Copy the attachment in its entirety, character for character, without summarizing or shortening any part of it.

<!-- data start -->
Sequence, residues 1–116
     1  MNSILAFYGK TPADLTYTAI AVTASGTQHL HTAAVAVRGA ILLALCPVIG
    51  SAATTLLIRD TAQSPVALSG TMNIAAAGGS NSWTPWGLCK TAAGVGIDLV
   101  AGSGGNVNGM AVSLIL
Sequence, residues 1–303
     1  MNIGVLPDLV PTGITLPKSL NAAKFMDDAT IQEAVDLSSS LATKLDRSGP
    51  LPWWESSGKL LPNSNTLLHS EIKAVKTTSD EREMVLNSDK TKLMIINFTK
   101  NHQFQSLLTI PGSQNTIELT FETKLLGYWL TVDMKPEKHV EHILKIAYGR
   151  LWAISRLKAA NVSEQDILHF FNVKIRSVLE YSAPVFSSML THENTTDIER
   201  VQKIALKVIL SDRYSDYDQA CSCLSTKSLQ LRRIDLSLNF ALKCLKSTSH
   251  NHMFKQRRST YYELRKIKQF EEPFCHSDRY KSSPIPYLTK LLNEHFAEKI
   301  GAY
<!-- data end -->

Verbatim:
Sequence, residues 1–116
     1  MNSILAFYGK TPADLTYTAI AVTASGTQHL HTAAVAVRGA ILLALCPVIG
    51  SAATTLLIRD TAQSPVALSG TMNIAAAGGS NSWTPWGLCK TAAGVGIDLV
   101  AGSGGNVNGM AVSLIL
Sequence, residues 1–303
     1  MNIGVLPDLV PTGITLPKSL NAAKFMDDAT IQEAVDLSSS LATKLDRSGP
    51  LPWWESSGKL LPNSNTLLHS EIKAVKTTSD EREMVLNSDK TKLMIINFTK
   101  NHQFQSLLTI PGSQNTIELT FETKLLGYWL TVDMKPEKHV EHILKIAYGR
   151  LWAISRLKAA NVSEQDILHF FNVKIRSVLE YSAPVFSSML THENTTDIER
   201  VQKIALKVIL SDRYSDYDQA CSCLSTKSLQ LRRIDLSLNF ALKCLKSTSH
   251  NHMFKQRRST YYELRKIKQF EEPFCHSDRY KSSPIPYLTK LLNEHFAEKI
   301  GAY